Life for Chana Sharfstein, a short, energetic woman who moved from Scandinavia to Boston only to experience the pain of her father being murdered at a young age, has not been easy. Shortly after her father’s passing, her mother passed away, leaving her an orphan in a foreign country. Her more than 70 years have been a near-constant struggle to understand why the Almighty would bestow such difficult circumstances on anyone.
Today, Sharfstein is far from bashful in discussing the twists and turns her life has taken. In the self-published Beyond the Dollar Line, a new volume available for purchase from the Kehot Publication Society, the publishing arm of Chabad-Lubavitch, she lays bare her philosophy of life, much of it gleaned from guidance given her by the Rebbe, Rabbi Menachem M. Schneerson, of righteous memory. Over the course of 244 pages, she shares a multitude of stories, excerpts of conversations and correspondence, describing almost poetically how they continue to guide her more than 16 years after the Jewish leader’s passing.
“Many people may know the Rebbe from the dollar line,” she says, referring to the hundreds of thousands of people who in the late 1980s and early 1990s would wait in line on Sunday mornings to share a word with the Rebbe and receive a blessing and a dollar bill whose value would then be given to charity. “This book goes beyond the dollar line. It examines personal experiences in my life and how I have applied them to my day-to-day activities.”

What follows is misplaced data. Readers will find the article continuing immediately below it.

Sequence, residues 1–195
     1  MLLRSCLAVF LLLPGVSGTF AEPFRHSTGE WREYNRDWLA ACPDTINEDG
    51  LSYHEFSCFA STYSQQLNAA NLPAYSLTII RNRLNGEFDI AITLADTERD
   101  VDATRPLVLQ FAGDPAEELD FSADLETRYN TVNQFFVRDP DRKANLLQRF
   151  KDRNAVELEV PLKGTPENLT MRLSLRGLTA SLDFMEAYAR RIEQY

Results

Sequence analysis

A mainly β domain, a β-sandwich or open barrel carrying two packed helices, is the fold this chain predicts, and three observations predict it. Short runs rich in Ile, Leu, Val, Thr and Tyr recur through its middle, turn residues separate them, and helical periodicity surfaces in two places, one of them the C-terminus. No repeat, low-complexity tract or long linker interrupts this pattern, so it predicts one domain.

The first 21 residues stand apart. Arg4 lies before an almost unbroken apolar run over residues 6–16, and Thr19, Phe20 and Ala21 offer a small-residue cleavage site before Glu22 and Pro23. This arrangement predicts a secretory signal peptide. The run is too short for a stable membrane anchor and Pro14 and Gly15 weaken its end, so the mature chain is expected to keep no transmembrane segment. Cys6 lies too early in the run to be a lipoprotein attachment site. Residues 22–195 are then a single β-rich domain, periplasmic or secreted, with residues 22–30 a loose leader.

Known throughout her Crown Heights neighborhood in Brooklyn, N.Y., and throughout the Jewish world as an author, public speaker, educator and tour guide, Sharfstein has inspired countless women throughout the years. More often than not, the advice she offers has its roots in various teachings from and interaction with the Rebbe.
One incident she explores in the book centers around an offer she received to retire from teaching at a public school.
“Without much thought,” she writes, “I made a hasty decision [to retire]. I often thought that retirement would be wonderful.”
Shortly afterwards, she remembered with dread a conversation she had with the Rebbe many years earlier: In one of her audiences with him, the Rebbe asked how Sharfstein’s uncle, a rabbi in New Jersey, was doing. She responded that he had just retired.
The Rebbe shook his head. “Retired. What does that mean?”
“Situations may arise in life that necessitate changes,” the Rebbe, who would go on to suggest that the uncle move to New York and use his talents to further contribute to the Jewish world, told Sharfstein. “One must then make the appropriate adjustments. But retirement? Never!”
When Sharfstein remembered this exchange, she writes, she realized that she needed to find something constructive to occupy herself. She began giving classes at a local school and became a guide at the Jewish Heritage Museum in Manhattan.